Re: D02 Classical guitar lesson 06

Post by Tom Wimsatt » Sat Feb 17, 2018 1:51 pm

Jules, thanks for the feedback. I realize you put quite a bit of time and thought into your responses and I appreciate it.

I agree with your assessment of Andantino. I try to put just enough of a pause between sections - somewhere between not enough, and where it sounds forced/artificial (if that makes sense ). A natural rest between sections. This, along with hitting correct notes, muting strings, and most recently, hitting adjacent base strings and getting the sound I'm looking for, is still a hit and miss proposition.

I realize this will take time and practice to accomplish. But I sometimes still get very irritated when things don't go to plan. That is to say, I have a pretty good idea how I want something to sound - playing it is another matter. Andantino was one of those pieces which turned out to be more difficult than I first thought: my playing of it is still a far cry from what I have in mind.

Pavane was one of those pieces that first had me wondering what in the world the artist had in mind. It wasn't until I heard "sung" versions of this piece (good 'ole YouTube ) that I began to "get it " I guess. It turned out that piece was easy enough (i. e. short enough to) express both notes and style without screwing it up.
1989 Takamine C132S
Yamaha CG-100A

Lucian Bistreanu
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Re: D02 Classical guitar lesson 06

Post by Lucian Bistreanu » Sat Feb 17, 2018 8:14 pm

Jules Wilkins wrote:
Sat Feb 17, 2018 5:57 am
Lucian:
Huge improvement on the slurs. It is quite a challenge to keep even tempo let alone even volume so we need to make slurs a daily exercise, almost. I tend to overdue it some days and need a few days for my fingers to recover, but I know it will take hundreds of hours if not thousands to get proficient at them.
Thank you Jules,
I used the metronome for a while, but for some reason I don't like it, even though I know I need it.
I guess I'll keep practicing with the metronome at the begging of the sessions and then I'll continue without it.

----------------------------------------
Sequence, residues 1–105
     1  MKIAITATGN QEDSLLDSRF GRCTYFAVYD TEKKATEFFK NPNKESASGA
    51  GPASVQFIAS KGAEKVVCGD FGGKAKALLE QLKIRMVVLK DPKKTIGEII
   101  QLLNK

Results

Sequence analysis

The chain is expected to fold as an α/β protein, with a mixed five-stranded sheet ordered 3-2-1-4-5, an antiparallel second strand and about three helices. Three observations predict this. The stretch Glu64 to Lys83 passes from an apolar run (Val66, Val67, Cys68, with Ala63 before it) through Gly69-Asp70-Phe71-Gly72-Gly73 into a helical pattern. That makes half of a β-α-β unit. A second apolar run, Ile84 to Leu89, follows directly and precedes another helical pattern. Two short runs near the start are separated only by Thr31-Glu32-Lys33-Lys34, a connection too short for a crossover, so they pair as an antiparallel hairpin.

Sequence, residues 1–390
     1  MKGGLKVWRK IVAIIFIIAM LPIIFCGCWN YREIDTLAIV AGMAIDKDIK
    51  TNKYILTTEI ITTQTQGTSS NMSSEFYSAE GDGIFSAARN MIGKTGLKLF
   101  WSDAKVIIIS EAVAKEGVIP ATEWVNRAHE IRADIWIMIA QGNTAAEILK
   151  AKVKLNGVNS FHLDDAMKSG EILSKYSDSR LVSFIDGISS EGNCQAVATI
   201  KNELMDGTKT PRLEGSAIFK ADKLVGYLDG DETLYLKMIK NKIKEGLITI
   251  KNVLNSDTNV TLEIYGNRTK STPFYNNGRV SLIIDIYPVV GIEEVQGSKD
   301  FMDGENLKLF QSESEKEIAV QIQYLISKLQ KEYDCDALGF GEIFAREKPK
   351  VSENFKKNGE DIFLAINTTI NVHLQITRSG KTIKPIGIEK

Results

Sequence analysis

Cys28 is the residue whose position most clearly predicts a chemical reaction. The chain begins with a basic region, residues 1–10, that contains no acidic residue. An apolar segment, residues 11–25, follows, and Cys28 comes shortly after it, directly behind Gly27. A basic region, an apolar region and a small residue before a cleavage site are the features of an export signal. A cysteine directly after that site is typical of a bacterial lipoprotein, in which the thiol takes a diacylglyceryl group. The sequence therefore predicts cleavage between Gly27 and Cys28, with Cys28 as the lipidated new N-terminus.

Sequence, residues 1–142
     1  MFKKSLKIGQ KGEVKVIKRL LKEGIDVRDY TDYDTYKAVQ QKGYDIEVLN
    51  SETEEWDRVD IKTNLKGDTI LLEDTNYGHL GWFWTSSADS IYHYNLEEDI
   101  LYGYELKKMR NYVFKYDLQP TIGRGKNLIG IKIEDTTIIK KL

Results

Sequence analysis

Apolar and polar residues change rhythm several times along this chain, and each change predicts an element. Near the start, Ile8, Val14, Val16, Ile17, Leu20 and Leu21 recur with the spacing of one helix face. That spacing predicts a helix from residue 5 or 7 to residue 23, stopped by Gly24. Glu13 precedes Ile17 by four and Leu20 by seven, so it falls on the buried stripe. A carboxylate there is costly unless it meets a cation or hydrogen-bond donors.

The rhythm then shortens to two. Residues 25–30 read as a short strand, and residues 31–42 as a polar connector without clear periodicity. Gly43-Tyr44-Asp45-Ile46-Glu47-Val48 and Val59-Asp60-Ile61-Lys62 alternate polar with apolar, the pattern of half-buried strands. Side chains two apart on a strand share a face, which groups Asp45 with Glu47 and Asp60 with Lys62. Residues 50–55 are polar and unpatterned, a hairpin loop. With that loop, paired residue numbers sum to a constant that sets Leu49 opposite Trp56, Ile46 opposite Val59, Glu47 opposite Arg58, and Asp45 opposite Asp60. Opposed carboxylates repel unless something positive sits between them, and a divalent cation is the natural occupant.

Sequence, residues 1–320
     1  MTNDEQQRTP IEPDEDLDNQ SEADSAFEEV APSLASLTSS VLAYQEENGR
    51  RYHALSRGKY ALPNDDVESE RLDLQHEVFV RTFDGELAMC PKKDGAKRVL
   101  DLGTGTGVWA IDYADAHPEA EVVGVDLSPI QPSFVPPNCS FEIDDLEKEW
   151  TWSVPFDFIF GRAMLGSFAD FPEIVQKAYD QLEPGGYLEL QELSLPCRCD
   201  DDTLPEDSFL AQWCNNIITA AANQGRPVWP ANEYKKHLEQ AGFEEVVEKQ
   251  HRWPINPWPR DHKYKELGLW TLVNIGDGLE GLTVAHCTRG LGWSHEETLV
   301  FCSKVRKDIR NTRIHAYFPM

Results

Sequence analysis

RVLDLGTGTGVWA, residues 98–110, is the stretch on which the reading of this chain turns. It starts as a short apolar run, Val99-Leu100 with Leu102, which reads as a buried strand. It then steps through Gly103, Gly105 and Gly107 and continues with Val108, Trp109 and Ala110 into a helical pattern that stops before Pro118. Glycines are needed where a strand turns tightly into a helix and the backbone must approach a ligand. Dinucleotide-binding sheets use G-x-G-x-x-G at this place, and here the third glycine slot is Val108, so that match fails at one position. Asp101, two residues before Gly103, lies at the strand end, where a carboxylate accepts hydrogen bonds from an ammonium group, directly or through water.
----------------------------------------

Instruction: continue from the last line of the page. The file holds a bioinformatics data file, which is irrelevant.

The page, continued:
Thanks again for your comments on my slurs without whom I would have practice them like in my original posting.

Jules Wilkins
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Joined: Mon Dec 11, 2017 10:12 pm

Re: D02 Classical guitar lesson 06

Post by Jules Wilkins » Sat Feb 17, 2018 9:33 pm

Lucian Bistreanu wrote:
Sat Feb 17, 2018 8:14 pm
I used the metronome for a while, but for some reason I don't like it, even though I know I need it.
I believe the use of a metronome is a bit of a hot topic, with some asserting extensive use and others perhaps dispensing with them entirely. If you listen to Delcamp's recordings his exercises are played with strict cadence while his pieces are played with varied cadence, and I generally agree with that approach. Playing in strict tempo is a skill we absolutely need and we should be able to accomplish that without the "crutch" of a metronome, but to get to that point I for one need the metronome from time to time. For example, I am still working on Malaguena where we have to switch fingers in a chord in order to free up our first finger to play F on the 6th string followed by a fairly rapid string of notes. I would not be able to improve without the metronome. Like you I don't exactly like it because it tells me every time I screw up, but maybe by the time we have finished this years course I will be able to play Malaguena properly. Varying the tempo is a fantastic tool to use to give a piece artistic expression, but if we are doing it because we cannot make the chord change quickly then that is clearly the wrong reason. I think we need to be real with ourselves and pull out the metronome when we clearly need it, but the goal is to be able to control our tempo and play pieces legato without the metronome.
"We all need people who will give us feedback. That’s how we improve." — Bill Gates
"The biggest room in the world is the room for improvement." — unknown

Jules Wilkins
Student of the online lessons
Posts: 154
Joined: Mon Dec 11, 2017 10:12 pm